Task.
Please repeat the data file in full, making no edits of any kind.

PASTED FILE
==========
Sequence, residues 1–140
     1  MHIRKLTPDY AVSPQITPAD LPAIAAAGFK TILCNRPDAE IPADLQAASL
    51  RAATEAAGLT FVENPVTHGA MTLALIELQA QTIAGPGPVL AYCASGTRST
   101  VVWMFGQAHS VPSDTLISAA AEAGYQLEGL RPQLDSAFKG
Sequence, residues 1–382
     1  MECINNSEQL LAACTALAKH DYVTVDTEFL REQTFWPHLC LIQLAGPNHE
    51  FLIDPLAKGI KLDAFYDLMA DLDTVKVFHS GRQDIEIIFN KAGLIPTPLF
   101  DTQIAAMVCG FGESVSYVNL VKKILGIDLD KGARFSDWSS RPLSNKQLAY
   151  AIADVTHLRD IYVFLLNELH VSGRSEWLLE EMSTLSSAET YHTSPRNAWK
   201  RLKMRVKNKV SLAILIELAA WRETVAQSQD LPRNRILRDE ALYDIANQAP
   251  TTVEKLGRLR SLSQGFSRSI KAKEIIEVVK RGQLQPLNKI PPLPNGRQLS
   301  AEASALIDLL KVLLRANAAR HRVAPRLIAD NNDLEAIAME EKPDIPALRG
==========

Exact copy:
Sequence, residues 1–140
     1  MHIRKLTPDY AVSPQITPAD LPAIAAAGFK TILCNRPDAE IPADLQAASL
    51  RAATEAAGLT FVENPVTHGA MTLALIELQA QTIAGPGPVL AYCASGTRST
   101  VVWMFGQAHS VPSDTLISAA AEAGYQLEGL RPQLDSAFKG
Sequence, residues 1–382
     1  MECINNSEQL LAACTALAKH DYVTVDTEFL REQTFWPHLC LIQLAGPNHE
    51  FLIDPLAKGI KLDAFYDLMA DLDTVKVFHS GRQDIEIIFN KAGLIPTPLF
   101  DTQIAAMVCG FGESVSYVNL VKKILGIDLD KGARFSDWSS RPLSNKQLAY
   151  AIADVTHLRD IYVFLLNELH VSGRSEWLLE EMSTLSSAET YHTSPRNAWK
   201  RLKMRVKNKV SLAILIELAA WRETVAQSQD LPRNRILRDE ALYDIANQAP
   251  TTVEKLGRLR SLSQGFSRSI KAKEIIEVVK RGQLQPLNKI PPLPNGRQLS
   301  AEASALIDLL KVLLRANAAR HRVAPRLIAD NNDLEAIAME EKPDIPALRG